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Instructor Nathan Houle's Simple Practice for Sharpening his Chops and Contributing to the Coding Community

For developers looking to contribute to the programming world, Instructor Nathan Houle has a recommendation: document. A program or library's documentation is essentially its user manual. Sometimes thought of as coding’s drier cousin, documenting open-source software, Houle has found, can be educational and rewarding.

Instructor Nathan Houle finds that documenting open-source software is a great way to learn and is always appreciated by the software's authors.

Instructor Nathan Houle finds that documenting open-source software is a great way to learn and is always appreciated by the software's authors.

Lately, Houle has been lending a hand to Ramda, an open-source utility library similar to Lo-dash. 

[Ramda] showed up on Daily JS, and they got a bunch of press, and a bunch of people tried to use it and found that a decent amount of its documentation was sparse, missing, or out of date,” Houle recalls.

Ramda is great for experienced coders, especially if they have worked with Underscore or Lo-dash.

“There is almost no pull request that you can make that will be appreciated more than a documentation on an open source project,” says Houle. “So I got a really warm response from them.” (A pull request is a submission of edits or additions to software, which can be accepted or rejected by the code’s authors.)

Both in his lectures and his contributions to the programming community, Houle sees accessibility as a catalyst to production.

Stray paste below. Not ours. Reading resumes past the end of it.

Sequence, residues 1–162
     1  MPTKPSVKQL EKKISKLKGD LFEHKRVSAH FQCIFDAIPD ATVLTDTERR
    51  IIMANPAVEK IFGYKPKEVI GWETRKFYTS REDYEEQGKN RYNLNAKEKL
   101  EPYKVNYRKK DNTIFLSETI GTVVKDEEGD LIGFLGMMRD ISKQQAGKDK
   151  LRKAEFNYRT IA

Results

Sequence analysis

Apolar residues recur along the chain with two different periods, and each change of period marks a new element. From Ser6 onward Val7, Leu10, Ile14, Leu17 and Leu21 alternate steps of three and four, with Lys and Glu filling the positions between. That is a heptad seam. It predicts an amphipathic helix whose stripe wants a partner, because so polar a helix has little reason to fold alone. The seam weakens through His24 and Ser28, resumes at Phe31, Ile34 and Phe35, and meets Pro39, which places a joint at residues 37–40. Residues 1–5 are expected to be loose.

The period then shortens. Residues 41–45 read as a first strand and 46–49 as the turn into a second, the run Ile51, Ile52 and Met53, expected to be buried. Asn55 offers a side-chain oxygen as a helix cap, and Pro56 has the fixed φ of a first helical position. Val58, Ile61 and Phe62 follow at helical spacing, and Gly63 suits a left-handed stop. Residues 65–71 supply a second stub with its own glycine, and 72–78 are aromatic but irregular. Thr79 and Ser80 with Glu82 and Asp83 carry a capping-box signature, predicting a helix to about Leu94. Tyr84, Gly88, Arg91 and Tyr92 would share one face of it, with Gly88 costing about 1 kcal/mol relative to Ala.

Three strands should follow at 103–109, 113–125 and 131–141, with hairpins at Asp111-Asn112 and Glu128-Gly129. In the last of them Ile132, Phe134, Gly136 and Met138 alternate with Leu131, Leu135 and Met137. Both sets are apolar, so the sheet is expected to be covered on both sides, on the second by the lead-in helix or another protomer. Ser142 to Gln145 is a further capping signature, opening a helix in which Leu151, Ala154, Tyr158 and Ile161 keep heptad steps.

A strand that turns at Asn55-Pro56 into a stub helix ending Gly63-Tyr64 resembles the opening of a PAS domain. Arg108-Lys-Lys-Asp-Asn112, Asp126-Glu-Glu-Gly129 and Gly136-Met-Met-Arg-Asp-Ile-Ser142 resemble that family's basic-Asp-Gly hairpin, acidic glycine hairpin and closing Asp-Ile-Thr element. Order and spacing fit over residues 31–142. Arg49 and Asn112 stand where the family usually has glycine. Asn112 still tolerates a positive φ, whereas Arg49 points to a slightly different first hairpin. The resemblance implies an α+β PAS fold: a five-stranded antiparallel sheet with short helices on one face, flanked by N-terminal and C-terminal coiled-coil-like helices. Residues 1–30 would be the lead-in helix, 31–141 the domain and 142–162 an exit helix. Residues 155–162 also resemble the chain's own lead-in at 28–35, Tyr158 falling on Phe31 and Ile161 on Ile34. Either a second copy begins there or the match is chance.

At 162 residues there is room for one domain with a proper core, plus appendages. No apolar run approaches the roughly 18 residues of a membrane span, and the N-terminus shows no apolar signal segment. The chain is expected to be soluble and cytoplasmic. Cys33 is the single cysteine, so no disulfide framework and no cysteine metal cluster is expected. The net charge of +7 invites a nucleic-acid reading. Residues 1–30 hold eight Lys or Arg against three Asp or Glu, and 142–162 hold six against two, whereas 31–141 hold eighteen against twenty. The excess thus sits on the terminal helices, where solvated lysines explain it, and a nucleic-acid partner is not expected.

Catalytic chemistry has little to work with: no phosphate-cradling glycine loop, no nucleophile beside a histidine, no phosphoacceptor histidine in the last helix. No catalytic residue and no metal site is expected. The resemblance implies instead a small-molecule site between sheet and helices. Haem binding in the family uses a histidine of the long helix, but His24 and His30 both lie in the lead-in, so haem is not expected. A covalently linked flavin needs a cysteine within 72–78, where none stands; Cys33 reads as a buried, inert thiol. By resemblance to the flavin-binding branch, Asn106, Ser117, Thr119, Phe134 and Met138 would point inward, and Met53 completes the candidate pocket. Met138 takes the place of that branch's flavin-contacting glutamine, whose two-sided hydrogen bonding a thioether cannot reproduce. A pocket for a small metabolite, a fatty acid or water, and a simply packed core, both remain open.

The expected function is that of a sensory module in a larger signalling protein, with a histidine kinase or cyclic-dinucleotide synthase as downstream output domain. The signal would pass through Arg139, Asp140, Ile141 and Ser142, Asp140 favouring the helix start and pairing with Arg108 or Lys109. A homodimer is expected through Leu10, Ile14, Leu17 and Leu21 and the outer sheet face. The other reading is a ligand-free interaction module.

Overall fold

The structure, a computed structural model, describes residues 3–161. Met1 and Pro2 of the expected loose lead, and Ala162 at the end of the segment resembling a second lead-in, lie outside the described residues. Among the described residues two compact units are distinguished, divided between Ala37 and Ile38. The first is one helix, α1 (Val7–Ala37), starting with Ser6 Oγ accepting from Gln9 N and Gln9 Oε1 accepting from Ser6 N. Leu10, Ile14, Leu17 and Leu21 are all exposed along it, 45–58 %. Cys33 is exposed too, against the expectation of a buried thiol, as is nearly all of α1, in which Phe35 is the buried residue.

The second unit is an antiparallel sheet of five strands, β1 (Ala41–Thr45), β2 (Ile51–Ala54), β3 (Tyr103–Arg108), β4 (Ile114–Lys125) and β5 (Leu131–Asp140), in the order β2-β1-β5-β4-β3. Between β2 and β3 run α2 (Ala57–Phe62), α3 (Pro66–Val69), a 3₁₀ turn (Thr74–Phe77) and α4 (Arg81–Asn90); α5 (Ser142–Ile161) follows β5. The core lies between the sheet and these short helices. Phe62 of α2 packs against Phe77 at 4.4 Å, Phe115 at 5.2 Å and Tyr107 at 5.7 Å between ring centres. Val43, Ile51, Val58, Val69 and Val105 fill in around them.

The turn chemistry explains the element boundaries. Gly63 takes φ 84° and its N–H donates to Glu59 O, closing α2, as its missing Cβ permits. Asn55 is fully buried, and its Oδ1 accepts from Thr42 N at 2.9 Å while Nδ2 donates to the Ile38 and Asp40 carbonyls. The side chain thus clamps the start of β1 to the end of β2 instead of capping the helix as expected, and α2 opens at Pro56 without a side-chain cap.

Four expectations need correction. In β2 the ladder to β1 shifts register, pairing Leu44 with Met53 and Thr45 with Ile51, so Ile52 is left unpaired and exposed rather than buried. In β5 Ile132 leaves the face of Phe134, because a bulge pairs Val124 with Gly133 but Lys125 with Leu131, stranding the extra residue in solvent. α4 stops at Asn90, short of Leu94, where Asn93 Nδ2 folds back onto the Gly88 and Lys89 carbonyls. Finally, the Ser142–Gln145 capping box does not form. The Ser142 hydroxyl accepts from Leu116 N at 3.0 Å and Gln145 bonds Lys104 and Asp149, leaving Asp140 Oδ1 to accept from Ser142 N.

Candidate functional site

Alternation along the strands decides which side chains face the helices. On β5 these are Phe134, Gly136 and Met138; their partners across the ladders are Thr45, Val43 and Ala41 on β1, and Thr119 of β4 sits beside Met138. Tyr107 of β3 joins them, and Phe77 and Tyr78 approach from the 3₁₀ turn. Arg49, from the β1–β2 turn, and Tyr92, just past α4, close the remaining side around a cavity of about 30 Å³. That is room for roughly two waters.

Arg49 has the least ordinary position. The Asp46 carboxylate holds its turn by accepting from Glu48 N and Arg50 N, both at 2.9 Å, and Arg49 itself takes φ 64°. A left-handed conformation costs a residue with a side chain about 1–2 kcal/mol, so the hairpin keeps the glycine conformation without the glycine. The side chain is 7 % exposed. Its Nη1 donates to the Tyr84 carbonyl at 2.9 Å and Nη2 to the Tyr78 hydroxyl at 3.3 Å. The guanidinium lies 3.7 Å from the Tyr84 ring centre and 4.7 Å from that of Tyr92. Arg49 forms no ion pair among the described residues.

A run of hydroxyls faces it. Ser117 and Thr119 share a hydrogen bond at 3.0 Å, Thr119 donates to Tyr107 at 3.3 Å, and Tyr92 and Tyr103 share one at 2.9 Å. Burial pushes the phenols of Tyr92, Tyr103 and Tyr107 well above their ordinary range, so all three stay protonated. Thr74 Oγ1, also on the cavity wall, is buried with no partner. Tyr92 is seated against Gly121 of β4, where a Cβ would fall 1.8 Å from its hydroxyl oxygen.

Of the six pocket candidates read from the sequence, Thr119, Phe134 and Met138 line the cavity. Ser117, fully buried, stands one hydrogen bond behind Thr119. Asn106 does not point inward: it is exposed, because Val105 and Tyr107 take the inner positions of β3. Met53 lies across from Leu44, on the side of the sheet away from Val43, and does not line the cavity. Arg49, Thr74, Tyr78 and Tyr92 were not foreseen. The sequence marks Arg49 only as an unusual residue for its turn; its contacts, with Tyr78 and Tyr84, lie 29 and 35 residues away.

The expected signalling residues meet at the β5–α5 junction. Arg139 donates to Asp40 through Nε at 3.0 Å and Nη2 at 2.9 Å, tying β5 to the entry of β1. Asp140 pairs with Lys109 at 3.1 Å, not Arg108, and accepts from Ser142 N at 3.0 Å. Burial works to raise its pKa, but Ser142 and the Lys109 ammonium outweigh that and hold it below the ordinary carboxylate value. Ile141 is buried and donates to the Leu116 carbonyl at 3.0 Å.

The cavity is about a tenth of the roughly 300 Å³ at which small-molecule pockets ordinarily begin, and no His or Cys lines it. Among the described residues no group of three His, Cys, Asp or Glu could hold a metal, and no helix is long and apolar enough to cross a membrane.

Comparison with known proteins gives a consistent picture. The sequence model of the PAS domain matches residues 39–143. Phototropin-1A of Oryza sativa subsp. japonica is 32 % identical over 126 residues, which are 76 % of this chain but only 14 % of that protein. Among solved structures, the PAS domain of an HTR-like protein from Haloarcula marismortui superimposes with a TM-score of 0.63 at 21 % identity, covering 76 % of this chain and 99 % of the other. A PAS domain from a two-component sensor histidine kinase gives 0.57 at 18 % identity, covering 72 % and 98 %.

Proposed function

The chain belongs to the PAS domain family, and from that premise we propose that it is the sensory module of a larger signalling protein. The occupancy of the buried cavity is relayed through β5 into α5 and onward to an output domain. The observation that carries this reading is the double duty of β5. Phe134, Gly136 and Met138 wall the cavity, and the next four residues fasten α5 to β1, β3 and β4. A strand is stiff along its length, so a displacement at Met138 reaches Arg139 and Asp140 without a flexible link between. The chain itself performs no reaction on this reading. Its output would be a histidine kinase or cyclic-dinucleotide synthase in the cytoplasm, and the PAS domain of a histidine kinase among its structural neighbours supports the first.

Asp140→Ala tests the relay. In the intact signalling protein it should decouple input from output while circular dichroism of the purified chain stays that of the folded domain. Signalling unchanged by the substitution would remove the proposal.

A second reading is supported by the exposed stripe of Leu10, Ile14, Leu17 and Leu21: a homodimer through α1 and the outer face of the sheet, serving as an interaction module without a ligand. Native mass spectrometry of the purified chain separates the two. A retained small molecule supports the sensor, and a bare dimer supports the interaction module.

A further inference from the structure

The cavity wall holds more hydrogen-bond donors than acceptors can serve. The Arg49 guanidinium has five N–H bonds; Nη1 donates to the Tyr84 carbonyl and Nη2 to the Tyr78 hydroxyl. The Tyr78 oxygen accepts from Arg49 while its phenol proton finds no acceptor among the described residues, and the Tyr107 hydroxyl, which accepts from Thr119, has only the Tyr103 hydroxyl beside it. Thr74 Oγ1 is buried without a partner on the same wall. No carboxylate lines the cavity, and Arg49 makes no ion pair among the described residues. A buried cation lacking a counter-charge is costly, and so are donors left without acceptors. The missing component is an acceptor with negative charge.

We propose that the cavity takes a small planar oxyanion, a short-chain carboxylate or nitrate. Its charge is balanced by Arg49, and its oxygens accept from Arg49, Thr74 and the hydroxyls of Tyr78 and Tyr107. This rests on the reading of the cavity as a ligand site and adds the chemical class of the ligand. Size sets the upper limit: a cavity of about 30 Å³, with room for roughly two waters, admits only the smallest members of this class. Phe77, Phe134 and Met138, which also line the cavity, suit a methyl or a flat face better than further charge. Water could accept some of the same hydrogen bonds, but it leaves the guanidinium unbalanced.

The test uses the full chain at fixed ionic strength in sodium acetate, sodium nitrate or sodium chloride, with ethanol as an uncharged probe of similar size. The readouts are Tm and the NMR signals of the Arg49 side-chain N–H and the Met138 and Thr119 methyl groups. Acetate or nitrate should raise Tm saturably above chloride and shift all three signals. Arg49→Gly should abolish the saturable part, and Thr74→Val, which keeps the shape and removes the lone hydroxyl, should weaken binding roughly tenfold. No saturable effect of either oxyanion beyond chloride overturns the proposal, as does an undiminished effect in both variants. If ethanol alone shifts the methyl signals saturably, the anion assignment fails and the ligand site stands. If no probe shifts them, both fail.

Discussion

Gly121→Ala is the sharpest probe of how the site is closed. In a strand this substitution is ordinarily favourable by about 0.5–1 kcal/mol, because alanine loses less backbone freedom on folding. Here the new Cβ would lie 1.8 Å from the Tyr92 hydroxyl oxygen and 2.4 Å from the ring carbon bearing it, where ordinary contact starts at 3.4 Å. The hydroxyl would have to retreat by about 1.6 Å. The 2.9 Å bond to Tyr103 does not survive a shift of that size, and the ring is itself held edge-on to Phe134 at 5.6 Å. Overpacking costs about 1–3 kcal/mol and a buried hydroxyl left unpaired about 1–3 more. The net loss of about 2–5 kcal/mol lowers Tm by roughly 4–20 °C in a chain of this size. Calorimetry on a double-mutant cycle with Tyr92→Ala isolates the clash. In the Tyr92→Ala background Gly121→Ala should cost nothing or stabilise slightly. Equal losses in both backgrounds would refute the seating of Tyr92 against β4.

"I'm interested in taking projects and making them really approachable for people, because you could write some great software, but it doesn't matter if no one can use it.”

While documentation might seem peripheral to most programmers’ work, there are many natural opportunities to make this sort of contribution.

"Once you get your code above a certain size, more than 10 to 15 files, you tend to start pulling in other libraries,” says Houle. “It's really common to find ones that don't work. You see the set up instructions are outdated or there are three extra steps that you had to do. That's a super simple opportunity for a pull request. Not only do you get the benefit of using that library, you get to contribute. The people who build these libraries have a ton going on, and they really appreciate it.”

On top of that, often the person that benefits the most from documentation is the documenter.

“I know that library really well now,” Houle says.

As teachers often find, explaining something is the best way to truly learn it.

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